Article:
Welcome to Fiction Friday and my blog book club! In last Friday’s post, I invited you to join me in discussing Gilead, a novel by Marilynne Robinson. It’s worth noting that Robinson’s writing successes span genres; she’s published different types of nonfiction as well as fiction. That’s what I want to be when I grow up: an inter-genrational author.
Today’s discussion looks at pages 3-17 of the 2004 hardcover edition of Gilead, up to the paragraph that begins: “You know, I suppose, that I married a girl when I was young.” If you read last’s week post, you’ll remember that Gilead doesn’t have traditional chapter breaks. The text has spacing breaks with an occasional break indicated by a short line. My opinion is that spacing breaks generally represent a different day, while line breaks may indicate later on the same day. Later we’ll talk about one significant exception to this normal format.
You may also recall that a primary theme is the relationships between fathers and sons, and this first section gives a glimpse of John Ames’ relationship with his six-year-old son as well as a story showing his relationship with his father and his father’s relationship with his father.
How many novels have you read that begin by addressing “you”? Not very many, I’m sure. Here’s about half of the first paragraph:
I told you last night that I might be gone sometime, and you said, Where, and I said, To be with the Good Lord, and you said, Why, and I said, Because I’m old, and you said, I don’t think you’re old. And you put your hand in my hand and you said, You aren’t very old, as if that settled it. I told you you might have a very different life from mine, and from the life you’ve had with me, and that would be a wonderful thing, there are many ways to live a good life (p. 3).
If an unknown author submitted to an editor a first page that portrayed dialogue that way, it would be the rare editor who would see past the format to the beautiful style. And it is beautiful. We can hear the narrator’s kindness and gentleness. We hear the typical queries of a very young boy. We see the boy put his hand into the man’s; we can imagine the bulky fingers tenderly intertwining with the small ones. We know that this narrator believes in God and trusts him. He believes he’s had a good life and that his son will have a good life, too, even though he realizes his son’s experience will be very different from his own and from the life they have together now. And we learn in this first paragraph that our narrator is dying.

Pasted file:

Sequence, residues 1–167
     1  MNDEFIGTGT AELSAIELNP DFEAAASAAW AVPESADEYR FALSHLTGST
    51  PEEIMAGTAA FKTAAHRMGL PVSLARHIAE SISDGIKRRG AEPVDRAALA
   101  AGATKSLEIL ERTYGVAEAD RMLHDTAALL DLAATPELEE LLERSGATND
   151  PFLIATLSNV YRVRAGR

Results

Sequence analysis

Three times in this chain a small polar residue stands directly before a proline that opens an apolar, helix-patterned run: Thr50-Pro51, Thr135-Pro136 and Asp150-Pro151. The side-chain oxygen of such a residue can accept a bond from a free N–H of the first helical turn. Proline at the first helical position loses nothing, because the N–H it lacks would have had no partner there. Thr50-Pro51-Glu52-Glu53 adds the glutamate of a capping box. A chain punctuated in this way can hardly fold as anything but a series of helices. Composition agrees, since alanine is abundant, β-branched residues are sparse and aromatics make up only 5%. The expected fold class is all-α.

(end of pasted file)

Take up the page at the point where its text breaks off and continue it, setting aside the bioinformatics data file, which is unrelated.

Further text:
Like a gently murmuring stream, the narrator continues this letter to his son. As he writes, a picture of the man and his situation emerges. We learn he’s a minister who lives with this son and his mother in an old parsonage that he’s lived in most of his life. We learn that he lived in great loneliness there for a time. And we learn that his heart is failing and he will die soon. He regrets not having provided better financially for his young family. He apologizes for the hard times he knows his son and his mother will go through after his death.
Several times in this section we see the way John Ames is touched by beauty. He hears his wife and son talking as she tries to get the child to sleep. He hears her sing, which sounds beautiful to him. Reflecting on beauty, he wonderfully describes young mechanics joking and smoking (p. 5). He sees a bubble float past his window “fat and wobbly and ripening toward that dragonfly blue they turn just before they burst.” He looks down and sees the boy and his mother blowing bubbles at the cat, who was beside herself, leaping in the air. He writes about the bubbles: “They were very lovely. Your mother is wearing her blue dress and you are wearing your red shirt and you were kneeling on the ground together with Soapy between and the effulgence of bubble rising, and so much laughter. Ah, this life, this world (p. 9).
Ames relates some personal history, including this telling sentence: “My mother’s father was a preacher, and my father’s father was, too, and his father before him, and before that, nobody knows, but I wouldn’t hesitate to guess” (p. 6). After admitting that he and his father disappointed each other, even though they meant well, he confesses a “deeply mysterious fact”:
You can know a thing to death and be for all purposes completely ignorant of it. A man can know his father, or his son, and there might still be nothing between them but loyalty and love and mutual incomprehension (p. 7).
Later he writes: “My father left me a trade, which happened also to be my vocation. But the fact is, it was all second nature to me, I grew up with it. Most likely you will not (p. 8). On page 9, he begins a lengthy story about a trip he took with his father to find the grave of his father, who had died in Kansas (the fictional town of Gilead is located in extreme southwestern Iowa). He recounts the remarkable trek, which took place in 1892, with vivid descriptions.
After finally finding the grave and cleaning up the cemetery, he and his father stand to pray. Struggling to keep his eyes closed during that very long prayer, young John Ames looks around and relates an ingrained memory:
At first I thought I saw the sun setting in the east; I knew where east was, because the sun was just over the horizon when we got there that morning. Then I realized that what I saw was a full moon rising just as the sun was going down. Each of them was standing on its edge, with the most wonderful light between them. It seemed as if you could touch it, as if there were palpable currents of light passing back and forth, or as if there were great taut skeins of light suspended between them (p. 14)
This descriptive ability and Robinson’s literary skill make Gilead a joy to read. Some people find the pace too slow and don’t enjoy it. If you’ve read it, what was your initial reaction? What parts of this first section struck you?